We are lulled into a false sense of security by fractions of an inch of glass or steel separating us from catastrophe as we drive our automobiles. Oblivious to the dangers surrounding us, we distractedly text, converse on cell phones, joke with friends, tend to our children, or sing along with the radio.

We fly on jet airplanes at tens of thousands of feet at insane speeds approaching that of sound. Any number of events could end our lives in the blink of an eye. Can a jet even land safely anywhere but a major airport?

When I ride, I acknowledge danger constantly. One wrong move, one animal crossing my path or debris falling from a truck could be the end of me. I am connected with my mortality, my fragility, my vulnerability. It doesn’t make me fear, it makes me feel alive. What I am experiencing is real and involves all of my senses. Riding is completely immersive requiring both hands and feet to brake, shift, apply the clutch, throttle or turn signal while keeping a close watch in both mirrors and ahead for potential trouble.

On the other hand, I hear everything from the sound of transmission gears and rev of the engine to the muted or aggressive exhaust note in response to my bidding. I accelerate or brake more swiftly than all but the most exotic automobiles. The wind in my face communicates my speed without need of a speedometer. I feel the temperature drop when I pass green fields and the heat of the engine when the wind shifts. My panoramic view is unhampered by steel beams or tinted glass and the only music I hear is that which I hum in my head. Despite the fact that only gravity holds me on this machine, I feel more grounded than ever.

Roads that I’ve traveled uneventfully for years suddenly come alive. Every crack, pothole, change in texture, and whether the road widens or narrows becomes a life-threatening concern. Animals scampering in the brush along the road side—jeopardizing my existence should they leap unexpectedly in front of me—never escape my watchful eye. A bird swooping across my path could render me unconscious or at the very least, knock the wind out of me, and a single well-placed bug splat on my visor could rob me of vision.

I notice much that I previously missed:  the vastness of the desert southwest, the raw beauty of Arizona sunsets, the intimacy of a winding mountain road on which I lean so sharply that my foot pegs nearly scrape, the sheer delight of flawless new asphalt, the luxury of having roads to myself while everyone else eats dinner, sits glued to video games, or vegetates to a television series.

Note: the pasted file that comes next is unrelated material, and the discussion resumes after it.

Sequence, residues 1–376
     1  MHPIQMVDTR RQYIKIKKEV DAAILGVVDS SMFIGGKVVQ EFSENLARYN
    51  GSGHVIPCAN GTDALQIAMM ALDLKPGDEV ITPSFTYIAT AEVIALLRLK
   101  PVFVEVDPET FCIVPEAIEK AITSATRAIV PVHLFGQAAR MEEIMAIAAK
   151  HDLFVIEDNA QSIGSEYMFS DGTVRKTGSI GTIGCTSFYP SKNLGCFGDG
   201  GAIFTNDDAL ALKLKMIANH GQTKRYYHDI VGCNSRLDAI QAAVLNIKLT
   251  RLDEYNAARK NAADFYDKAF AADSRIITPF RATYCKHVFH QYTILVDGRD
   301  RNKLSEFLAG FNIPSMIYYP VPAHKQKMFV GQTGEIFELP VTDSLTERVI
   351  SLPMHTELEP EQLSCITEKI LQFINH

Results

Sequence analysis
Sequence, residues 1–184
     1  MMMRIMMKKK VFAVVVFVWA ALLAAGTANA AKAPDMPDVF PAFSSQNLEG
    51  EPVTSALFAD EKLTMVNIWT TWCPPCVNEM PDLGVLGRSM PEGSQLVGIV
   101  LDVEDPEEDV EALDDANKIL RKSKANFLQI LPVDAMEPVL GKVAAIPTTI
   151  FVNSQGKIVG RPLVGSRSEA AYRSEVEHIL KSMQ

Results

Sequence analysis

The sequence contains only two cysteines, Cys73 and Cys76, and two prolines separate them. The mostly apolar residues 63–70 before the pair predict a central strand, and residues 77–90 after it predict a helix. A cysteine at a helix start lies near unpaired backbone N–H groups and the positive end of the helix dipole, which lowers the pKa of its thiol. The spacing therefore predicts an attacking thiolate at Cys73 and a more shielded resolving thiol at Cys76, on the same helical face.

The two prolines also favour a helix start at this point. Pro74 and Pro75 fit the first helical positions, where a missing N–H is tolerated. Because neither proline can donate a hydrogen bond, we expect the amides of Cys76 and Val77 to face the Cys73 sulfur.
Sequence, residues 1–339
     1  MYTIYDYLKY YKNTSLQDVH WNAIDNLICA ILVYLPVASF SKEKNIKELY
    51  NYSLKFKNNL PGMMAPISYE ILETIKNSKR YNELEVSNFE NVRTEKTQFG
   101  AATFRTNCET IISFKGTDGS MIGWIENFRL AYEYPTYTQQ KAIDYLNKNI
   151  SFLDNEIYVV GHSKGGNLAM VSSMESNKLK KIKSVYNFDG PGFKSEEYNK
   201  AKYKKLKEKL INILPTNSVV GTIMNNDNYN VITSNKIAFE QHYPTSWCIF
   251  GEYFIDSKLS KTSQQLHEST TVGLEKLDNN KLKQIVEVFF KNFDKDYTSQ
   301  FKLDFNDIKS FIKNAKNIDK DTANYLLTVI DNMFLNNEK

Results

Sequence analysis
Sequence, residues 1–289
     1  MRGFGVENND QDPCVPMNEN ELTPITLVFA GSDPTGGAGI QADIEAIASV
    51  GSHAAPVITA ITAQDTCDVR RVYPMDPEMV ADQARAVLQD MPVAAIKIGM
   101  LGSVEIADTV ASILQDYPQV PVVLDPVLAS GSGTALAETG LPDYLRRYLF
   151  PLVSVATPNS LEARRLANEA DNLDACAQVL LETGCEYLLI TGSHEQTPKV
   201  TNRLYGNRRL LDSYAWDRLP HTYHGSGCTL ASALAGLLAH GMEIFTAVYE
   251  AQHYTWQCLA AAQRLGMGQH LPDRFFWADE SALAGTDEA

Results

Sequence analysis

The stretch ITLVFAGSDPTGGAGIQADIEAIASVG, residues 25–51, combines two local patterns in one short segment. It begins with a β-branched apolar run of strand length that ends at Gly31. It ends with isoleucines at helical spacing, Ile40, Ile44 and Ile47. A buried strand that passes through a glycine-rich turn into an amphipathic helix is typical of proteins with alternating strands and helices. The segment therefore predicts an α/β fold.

Riding makes me appreciate our world like nothing else, and when the ride is through, I can hardly wait for my next adventure. One thing that I especially enjoy is the fact that more often than not, fellow motorcyclists will wave at me in acknowledgement of our shared passion. I wish that more people could share such a connection.

Already, I am planning my first road trip: 1700 miles from Phoenix, Arizona to Fort Collins, Colorado and back. I’ll witness some amazing scenery from a viewpoint that can’t be beat. Until then, wish me safe journeys and please, be watchful for, and considerate of motorcyclists. If you encounter one of us, feel free to open your window, extend your hand into the wind to share a bit of our world, and then wave.

About the Author:

Ken Dickson is the author of Detour from Normal and The Road to Amistad. Detour from Normal is the shocking true story of how our broken medical and mental health care systems robbed Ken of his life as a respected engineer and devoted family man, and landed him in a high security psychiatric ward. In The Road to Amistad, an unprecedented psychological change catapults people from all walks of life into an extraordinary new level of human consciousness. For most, this leads to confusion and heartache, but for some, it is their calling. They are a new breed of human: resilients. Ken Dickson lives in Phoenix, Arizona with his wife and a motley crew of pets.